look on life confused our grave faces, and his knowledge of
French art opened for me the gate to Corot, Rousseau



and Daumier. His personality pervaded those Tuesday
assemblies ; he incited us into actuality, and injected
joy into our solemn conclaves. S. C. Hall's aura went
like the smoke of a spent match. To Henley I owe my
real awakening to art and literature, and the injunction
that, whatever the reward, the best is worth doing for its
own sake. One night comes back to me. He had asked
me down to Chiswick. " Some men are coming," he
said, as he stumped out of the " Art Journal " office
and my heart glowed. Many men were gathered in the
cheerful room at Chiswick, whose names I had long
venerated, and of all the splendid talk I heard that night,
the most splendid was a duel, poetry the subject, between
Henley and Oscar Wilde. It was broad-sword against
rapier, and I knew not which won : the give and take, the
hammer and dart were too dazzling. I suppose Wilde
won, because a time came when Henley ceased, and
Wilde delivered a melodious monologue on Shelley, one
of the most beautiful excursions into appreciative
criticism that I have ever heard or read. The dark, dire
days came and Oscar Wilde was drowned in his own
poisoned shallows. I shut out those latter years and think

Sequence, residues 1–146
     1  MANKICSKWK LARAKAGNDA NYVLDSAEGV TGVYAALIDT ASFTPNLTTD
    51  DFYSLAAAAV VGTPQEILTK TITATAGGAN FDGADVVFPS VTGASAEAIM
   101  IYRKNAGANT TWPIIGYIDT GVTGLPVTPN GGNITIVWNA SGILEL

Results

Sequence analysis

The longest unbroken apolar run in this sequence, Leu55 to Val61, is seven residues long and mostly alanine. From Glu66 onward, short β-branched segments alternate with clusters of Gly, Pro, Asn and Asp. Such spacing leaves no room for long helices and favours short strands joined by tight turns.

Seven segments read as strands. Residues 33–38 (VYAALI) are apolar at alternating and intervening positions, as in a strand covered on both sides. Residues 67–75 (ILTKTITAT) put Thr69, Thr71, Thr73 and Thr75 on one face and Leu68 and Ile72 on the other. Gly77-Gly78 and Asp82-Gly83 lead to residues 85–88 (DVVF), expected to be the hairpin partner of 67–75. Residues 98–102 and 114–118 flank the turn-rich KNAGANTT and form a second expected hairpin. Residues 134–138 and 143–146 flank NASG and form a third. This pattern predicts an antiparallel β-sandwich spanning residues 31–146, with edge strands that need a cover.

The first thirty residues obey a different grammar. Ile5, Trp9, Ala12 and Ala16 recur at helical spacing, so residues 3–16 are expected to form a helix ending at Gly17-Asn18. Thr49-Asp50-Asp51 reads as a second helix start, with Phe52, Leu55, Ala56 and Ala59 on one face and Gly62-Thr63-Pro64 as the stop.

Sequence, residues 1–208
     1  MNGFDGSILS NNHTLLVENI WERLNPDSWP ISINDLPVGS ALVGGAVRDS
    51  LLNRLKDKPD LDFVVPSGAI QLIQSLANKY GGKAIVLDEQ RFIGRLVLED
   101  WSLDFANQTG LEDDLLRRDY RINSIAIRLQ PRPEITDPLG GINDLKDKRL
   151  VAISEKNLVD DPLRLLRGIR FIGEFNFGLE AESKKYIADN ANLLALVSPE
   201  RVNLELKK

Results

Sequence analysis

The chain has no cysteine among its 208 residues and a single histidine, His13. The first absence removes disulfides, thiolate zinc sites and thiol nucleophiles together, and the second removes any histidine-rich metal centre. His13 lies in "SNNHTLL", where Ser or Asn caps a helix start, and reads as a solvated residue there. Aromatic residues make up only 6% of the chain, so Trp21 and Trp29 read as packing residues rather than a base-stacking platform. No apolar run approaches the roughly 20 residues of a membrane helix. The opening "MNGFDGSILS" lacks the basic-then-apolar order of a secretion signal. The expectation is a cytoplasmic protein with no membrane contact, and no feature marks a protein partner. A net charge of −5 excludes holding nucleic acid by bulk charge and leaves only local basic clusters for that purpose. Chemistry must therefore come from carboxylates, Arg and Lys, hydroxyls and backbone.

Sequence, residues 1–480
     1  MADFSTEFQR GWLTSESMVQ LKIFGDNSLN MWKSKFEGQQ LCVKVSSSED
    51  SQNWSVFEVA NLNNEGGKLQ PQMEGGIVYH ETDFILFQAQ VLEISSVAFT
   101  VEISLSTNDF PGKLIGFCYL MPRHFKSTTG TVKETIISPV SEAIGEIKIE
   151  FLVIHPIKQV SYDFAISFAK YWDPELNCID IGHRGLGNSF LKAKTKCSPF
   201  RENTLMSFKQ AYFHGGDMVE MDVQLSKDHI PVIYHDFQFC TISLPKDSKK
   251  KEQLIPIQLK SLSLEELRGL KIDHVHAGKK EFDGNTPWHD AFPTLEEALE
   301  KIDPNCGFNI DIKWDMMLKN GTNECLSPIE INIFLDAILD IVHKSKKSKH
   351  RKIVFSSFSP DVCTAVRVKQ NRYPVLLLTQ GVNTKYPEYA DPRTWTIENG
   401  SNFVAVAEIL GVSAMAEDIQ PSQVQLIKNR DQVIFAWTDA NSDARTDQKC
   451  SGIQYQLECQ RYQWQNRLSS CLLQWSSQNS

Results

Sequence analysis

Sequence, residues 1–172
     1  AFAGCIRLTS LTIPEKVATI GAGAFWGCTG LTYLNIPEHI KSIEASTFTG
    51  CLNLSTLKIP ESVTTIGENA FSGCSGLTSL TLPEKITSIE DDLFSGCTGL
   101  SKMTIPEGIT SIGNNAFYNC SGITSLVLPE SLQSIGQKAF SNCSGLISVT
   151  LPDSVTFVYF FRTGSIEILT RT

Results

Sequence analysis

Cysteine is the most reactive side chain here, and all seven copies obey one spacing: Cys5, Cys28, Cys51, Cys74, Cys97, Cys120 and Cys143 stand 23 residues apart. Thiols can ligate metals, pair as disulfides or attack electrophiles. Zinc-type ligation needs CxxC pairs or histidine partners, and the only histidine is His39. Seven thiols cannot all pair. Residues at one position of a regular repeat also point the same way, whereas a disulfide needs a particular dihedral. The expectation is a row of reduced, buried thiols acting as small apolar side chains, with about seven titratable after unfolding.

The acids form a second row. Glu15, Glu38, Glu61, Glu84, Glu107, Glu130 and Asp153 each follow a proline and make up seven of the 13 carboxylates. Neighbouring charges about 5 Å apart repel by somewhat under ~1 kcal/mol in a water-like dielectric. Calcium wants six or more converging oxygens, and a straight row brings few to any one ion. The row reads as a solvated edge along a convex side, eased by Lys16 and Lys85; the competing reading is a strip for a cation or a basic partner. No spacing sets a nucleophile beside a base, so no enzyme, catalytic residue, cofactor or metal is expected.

only of his tender and loving understanding of the most
ethereal of poets. How strange it will be if, when we
awake from the dream of death, we find that we are
judged only by the good we have done.



Henley, " dear and great friend," as Rodin called him,
remained my friend to the end. The red hair turned
white, the labouring limbs grew frailer, but the big
heart, and the dauntless spirit of the author of

" What have I done for you,

England, my England ?
What is there I would not do,
England, my own ? "

were never vanquished. He was warrior and influence
to the last. W. E. H. can never be replaced.

"The Art Journal," as representing the older traditions,
was still a force, but a newer art was beginning to awaken.
The Chantrey Trustees had become almost popular
among les jeunes through buying Sargent's " Carnation,
Lily, Lily, Rose," and the knowing were beginning to
talk knowingly about the Newlyn School, although
elderly Professors of Art hinted that it was not quite
nice for young men to treat Light so familiarly, as if it
really existed. It was Mrs. Meynell, in a series of